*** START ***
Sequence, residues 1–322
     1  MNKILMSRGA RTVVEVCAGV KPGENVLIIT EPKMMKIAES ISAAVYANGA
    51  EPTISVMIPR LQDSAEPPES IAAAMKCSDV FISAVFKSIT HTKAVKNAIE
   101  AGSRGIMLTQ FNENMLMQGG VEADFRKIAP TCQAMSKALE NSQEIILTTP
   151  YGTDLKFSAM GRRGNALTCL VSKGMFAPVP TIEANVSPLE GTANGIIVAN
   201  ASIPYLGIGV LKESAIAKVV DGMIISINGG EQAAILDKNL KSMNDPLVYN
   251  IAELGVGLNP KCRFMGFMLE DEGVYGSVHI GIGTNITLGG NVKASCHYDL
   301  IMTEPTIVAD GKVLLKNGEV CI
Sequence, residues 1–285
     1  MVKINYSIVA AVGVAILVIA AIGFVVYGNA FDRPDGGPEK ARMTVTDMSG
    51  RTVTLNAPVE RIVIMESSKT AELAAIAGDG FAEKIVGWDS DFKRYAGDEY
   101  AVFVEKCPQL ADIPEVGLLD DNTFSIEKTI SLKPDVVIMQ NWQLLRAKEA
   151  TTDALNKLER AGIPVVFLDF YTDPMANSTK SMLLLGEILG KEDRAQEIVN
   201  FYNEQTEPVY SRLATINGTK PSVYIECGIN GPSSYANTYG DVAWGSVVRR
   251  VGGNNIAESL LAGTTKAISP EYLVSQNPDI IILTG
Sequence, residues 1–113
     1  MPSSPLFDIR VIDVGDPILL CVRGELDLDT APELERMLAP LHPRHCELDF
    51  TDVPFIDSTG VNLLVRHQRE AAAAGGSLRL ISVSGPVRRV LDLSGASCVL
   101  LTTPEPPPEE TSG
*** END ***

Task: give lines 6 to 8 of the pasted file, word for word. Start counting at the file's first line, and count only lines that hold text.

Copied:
   201  ASIPYLGIGV LKESAIAKVV DGMIISINGG EQAAILDKNL KSMNDPLVYN
   251  IAELGVGLNP KCRFMGFMLE DEGVYGSVHI GIGTNITLGG NVKASCHYDL
   301  IMTEPTIVAD GKVLLKNGEV CI